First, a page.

Effect of algal species and concentration on development and fatty acid composition of two harpacticoid copepods, Tisbe sp. and Tachidius discipes, and a discussion about their suitability for marine fish larvae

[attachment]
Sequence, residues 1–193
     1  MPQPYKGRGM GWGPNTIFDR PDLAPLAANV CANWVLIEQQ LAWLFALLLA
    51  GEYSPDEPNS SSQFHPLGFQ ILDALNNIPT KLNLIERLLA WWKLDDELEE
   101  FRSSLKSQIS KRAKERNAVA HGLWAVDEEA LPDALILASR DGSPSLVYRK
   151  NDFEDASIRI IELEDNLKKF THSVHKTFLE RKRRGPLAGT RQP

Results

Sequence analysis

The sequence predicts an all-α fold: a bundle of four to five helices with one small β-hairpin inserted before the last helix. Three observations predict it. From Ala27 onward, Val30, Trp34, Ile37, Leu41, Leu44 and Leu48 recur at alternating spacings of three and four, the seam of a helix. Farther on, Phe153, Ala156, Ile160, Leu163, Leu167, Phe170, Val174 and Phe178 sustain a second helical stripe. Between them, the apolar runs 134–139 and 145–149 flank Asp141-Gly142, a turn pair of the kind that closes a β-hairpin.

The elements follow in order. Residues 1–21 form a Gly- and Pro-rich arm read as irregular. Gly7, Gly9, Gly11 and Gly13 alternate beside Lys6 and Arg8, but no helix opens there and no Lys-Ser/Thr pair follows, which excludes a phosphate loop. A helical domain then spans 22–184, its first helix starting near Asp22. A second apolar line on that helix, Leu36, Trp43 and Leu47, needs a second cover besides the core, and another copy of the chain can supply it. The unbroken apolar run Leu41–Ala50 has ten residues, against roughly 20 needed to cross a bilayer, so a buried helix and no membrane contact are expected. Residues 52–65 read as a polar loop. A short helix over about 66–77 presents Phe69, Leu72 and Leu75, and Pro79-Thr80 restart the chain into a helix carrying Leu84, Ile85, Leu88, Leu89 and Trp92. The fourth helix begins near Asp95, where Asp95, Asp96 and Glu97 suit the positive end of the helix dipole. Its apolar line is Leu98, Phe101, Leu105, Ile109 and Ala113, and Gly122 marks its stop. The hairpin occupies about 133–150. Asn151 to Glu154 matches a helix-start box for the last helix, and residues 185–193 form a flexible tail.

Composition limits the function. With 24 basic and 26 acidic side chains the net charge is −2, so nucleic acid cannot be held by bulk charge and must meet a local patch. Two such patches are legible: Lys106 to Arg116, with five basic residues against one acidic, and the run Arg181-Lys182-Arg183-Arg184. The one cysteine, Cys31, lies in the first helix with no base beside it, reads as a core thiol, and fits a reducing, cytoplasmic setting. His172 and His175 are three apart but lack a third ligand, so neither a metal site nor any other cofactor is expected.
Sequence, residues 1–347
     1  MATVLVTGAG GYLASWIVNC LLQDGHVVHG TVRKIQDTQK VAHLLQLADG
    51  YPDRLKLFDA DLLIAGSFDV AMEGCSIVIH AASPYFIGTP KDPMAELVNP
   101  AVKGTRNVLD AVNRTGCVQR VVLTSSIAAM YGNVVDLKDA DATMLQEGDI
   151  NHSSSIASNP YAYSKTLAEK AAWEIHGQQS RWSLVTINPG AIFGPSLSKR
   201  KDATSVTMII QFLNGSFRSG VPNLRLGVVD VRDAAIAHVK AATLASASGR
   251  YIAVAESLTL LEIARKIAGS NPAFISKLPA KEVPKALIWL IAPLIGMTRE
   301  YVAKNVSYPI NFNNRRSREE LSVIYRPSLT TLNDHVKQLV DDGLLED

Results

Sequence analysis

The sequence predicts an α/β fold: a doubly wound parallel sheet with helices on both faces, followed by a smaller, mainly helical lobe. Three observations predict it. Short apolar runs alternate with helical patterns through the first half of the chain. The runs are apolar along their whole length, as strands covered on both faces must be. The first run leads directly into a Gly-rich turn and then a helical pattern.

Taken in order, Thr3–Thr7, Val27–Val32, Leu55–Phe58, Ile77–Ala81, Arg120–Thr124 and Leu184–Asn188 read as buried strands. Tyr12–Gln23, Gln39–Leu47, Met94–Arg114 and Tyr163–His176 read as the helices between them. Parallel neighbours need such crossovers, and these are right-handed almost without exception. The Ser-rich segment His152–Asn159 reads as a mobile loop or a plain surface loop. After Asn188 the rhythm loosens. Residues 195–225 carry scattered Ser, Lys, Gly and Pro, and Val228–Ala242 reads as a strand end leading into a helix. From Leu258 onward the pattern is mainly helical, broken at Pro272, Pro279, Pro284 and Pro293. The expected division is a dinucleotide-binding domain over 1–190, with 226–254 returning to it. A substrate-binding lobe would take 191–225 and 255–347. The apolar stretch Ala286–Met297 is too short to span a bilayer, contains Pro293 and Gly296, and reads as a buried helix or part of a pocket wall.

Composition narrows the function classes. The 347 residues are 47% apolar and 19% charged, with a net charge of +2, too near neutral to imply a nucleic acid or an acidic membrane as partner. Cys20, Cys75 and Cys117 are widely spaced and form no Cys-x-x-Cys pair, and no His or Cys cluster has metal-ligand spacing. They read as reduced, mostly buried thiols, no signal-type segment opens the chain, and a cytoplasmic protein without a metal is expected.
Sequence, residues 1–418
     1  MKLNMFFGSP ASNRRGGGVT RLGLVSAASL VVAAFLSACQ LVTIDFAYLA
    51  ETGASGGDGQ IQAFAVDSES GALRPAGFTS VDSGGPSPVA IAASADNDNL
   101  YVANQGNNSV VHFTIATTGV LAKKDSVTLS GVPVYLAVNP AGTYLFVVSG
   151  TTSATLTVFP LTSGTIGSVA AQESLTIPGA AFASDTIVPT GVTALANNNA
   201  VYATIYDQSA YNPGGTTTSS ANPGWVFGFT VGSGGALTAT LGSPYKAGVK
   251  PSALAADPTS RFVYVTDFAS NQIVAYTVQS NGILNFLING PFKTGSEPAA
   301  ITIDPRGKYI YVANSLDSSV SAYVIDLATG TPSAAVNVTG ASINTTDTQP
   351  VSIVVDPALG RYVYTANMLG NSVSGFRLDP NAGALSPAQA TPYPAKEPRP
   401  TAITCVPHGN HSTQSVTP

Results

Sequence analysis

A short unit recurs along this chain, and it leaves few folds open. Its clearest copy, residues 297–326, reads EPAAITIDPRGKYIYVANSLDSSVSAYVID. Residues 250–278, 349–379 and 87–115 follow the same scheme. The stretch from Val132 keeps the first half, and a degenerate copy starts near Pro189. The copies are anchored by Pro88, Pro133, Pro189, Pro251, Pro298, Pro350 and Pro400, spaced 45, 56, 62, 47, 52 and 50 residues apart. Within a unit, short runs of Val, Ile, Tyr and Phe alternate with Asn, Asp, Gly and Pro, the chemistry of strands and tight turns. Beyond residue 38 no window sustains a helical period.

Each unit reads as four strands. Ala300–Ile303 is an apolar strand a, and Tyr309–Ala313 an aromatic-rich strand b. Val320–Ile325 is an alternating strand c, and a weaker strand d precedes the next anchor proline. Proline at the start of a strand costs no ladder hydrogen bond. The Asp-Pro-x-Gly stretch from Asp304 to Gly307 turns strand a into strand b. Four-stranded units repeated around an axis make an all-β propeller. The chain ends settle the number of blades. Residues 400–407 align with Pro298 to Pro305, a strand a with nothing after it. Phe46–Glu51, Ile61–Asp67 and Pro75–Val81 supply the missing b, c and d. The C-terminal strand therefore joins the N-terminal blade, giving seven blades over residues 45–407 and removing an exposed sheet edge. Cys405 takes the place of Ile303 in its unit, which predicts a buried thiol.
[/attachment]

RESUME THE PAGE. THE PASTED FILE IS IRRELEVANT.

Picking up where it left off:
We compared the development and fatty acid content of the harpacticoid copepods Tachidius discipes and Tisbe sp. fed with different microalgal species (Dunaliella tertiolecta, Rhodomonas sp., Phaeodactylum tricornutum, Isochrysis galbana and a concentrate of Pavlova sp.), which differed in cell size and fatty acid composition. Tisbe could develop in 11 days with every alga to the same average stage, whereas Tachidius developed poorly when fed with Isochrysis and Dunaliella. Feeding with Phaeodactylum resulted in a fast development of both copepods at low algal concentrations. However, reproduction was higher with Rhodomonas as food than with the other algae. Fatty acid compositions of copepods were influenced by their food source, but both were able to convert docosahexaenoic acid (DHA) and eicosapentaenoic acid (EPA) from precursors. Tachidius fed with Rhodomonas or Phaeodactylum was closest to the DHA/EPA/arachidonic acid (ARA) ratio of 10 : 5 : 1 considered optimal for some marine fish larvae. Tachidius showed similar development and reproduction capacity as Tisbe, but requested higher absolute fatty acid contents in the diet. Tisbe was superior in the utilization of bacteria as additional food source and the bioconversion of precursor fatty acids. Phaeodactylum and Rhodomonas are recommendable food sources for both copepod species, but Phaeodactylum is more easily cultured.